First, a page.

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A teacher in Mehlville, Missouri is on leave after assigning a worksheet that had students name the price for a slave.

Fifth Grade Assignment Asks Students to Name the Price for Slave

A fifth grade class in Mehlville, Missouri had an assignment that required students to set prices for various items like a jug of milk, a cow, a bushel of wool, firewood — and a slave. The teacher’s faux pas has the NAACP calling for a formal apology.

The exercise was aimed at teaching students about economics and having them reflect on topics like wealth and the pros and cons of a free market economy. Students set their own prices for 12 items, but the last prompt stood out from the others.

“You own a plantation or farm and therefore need more workers,” the question says. “You begin to get involved in the slave trade industry and have slaves work on your farm. Your product to trade is slaves. Set your price for a slave. These could be worth a lot.”

CBS affiliate KMOV broke the story today, publishing photos of the assignment a mother shared. Angela Walker, the mother of a biracial child, told KMOV she hoped the school would learn more about cultural sensitivity in the wake of this incident.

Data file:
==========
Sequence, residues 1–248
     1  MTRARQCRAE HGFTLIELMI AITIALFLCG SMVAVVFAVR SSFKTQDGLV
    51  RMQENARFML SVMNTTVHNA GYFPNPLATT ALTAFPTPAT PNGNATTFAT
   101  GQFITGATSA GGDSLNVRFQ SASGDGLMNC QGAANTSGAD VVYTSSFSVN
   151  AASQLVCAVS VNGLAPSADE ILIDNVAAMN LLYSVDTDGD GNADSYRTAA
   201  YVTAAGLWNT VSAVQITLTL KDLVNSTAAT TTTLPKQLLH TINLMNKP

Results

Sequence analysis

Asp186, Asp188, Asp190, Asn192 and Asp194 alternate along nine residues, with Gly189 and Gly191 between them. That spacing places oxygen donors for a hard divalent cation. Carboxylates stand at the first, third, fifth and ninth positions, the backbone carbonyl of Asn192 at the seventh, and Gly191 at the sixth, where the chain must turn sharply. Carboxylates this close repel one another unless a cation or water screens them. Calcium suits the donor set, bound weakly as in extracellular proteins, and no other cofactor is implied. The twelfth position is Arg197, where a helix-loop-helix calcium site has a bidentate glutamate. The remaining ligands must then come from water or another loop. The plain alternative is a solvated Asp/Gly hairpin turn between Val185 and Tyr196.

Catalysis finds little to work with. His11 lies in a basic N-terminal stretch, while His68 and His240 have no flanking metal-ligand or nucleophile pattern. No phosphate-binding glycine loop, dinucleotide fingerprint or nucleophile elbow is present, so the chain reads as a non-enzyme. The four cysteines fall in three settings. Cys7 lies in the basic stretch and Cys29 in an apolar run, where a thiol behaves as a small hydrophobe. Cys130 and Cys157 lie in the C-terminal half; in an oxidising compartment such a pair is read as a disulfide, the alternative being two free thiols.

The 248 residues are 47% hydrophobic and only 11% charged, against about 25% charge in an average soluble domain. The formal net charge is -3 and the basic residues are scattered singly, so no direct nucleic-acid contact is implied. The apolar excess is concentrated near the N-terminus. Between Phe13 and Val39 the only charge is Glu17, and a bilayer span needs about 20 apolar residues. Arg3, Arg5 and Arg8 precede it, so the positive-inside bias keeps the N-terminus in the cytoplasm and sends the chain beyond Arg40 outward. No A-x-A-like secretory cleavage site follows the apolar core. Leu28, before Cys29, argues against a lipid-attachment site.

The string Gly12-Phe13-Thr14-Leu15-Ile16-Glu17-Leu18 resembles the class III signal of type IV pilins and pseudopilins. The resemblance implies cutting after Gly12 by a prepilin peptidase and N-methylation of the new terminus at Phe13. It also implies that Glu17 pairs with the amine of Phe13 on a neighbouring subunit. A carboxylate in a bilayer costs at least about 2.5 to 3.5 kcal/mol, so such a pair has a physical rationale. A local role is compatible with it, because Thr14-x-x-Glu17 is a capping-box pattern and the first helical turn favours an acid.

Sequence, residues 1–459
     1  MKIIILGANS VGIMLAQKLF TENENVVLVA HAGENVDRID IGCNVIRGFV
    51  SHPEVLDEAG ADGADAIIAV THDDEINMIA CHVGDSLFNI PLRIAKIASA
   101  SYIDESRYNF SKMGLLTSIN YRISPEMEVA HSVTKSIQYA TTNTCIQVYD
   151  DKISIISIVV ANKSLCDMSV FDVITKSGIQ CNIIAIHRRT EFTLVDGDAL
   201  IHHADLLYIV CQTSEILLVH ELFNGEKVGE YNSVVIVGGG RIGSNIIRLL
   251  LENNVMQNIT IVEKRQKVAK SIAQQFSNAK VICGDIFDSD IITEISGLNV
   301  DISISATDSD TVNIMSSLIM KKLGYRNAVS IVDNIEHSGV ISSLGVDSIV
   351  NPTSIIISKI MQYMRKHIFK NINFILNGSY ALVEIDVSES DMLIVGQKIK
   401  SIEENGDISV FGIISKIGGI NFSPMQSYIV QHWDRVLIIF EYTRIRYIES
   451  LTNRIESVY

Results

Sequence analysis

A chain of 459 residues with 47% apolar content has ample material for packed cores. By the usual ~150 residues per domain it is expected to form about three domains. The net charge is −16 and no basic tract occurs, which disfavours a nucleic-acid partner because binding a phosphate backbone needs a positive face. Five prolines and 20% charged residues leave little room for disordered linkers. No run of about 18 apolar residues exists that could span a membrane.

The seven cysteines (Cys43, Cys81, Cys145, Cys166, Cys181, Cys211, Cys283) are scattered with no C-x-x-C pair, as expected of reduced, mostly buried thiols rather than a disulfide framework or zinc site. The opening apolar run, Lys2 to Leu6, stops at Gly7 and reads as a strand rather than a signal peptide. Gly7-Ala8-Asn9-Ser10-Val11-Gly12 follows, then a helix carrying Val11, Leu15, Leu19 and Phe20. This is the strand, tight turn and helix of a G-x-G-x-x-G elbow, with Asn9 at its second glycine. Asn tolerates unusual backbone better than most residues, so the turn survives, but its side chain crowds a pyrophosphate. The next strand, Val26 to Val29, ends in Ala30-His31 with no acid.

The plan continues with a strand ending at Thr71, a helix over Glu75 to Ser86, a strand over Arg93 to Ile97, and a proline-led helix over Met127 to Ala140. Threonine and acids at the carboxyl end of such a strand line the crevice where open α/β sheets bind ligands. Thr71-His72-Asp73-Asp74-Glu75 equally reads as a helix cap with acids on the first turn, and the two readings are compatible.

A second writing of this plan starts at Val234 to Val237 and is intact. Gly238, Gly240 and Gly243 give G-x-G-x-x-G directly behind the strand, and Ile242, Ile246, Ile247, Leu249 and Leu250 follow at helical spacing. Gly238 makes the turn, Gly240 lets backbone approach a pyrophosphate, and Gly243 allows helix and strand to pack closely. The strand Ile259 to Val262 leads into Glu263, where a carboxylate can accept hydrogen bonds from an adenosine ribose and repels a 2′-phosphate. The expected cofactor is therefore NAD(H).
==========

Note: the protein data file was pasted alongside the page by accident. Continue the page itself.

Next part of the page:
“We have to be more culturally sensitive. We can say get over a homework assignment. ‘It’s just a homework assignment. That was 100 years ago,'” Walker told the outlet. “It was but it’s still someone else’s family. Maybe there are people who don’t see the wrong in it but we need to be talking about it.”

The teacher was placed on administrative leave after parents contacted the school. Jeremy Booker, the principal of Blades Elementary School sent a letter to parents about the incident.

“The school district is continuing to investigate this event,” Booker said. “I am working with district leadership to provide all Blades teachers and staff with professional development on cultural bias in the near future.”

The NAACP called for an apology from the teacher and the superintendent of the district. It also offered to take part in cultural sensitivity training at the school.

This incident is not the first of its kind. In September, a Long Island teacher told her students to write “funny” titles and captions for photos of freed slaves. Some of which included “#BlackGirlMagic” and “Black girls work hard, play hard.” In 2018, another school in Texas asked students to weigh the pros and cons of slavery. In 2013, a fourth-grade math assignment in Tennessee asked students to calculate how many slaves were left on a ship after a sum had died.

Related Story: Plantation Tours Talking About History of Slavery Upsetting White People

See the full assignment here.

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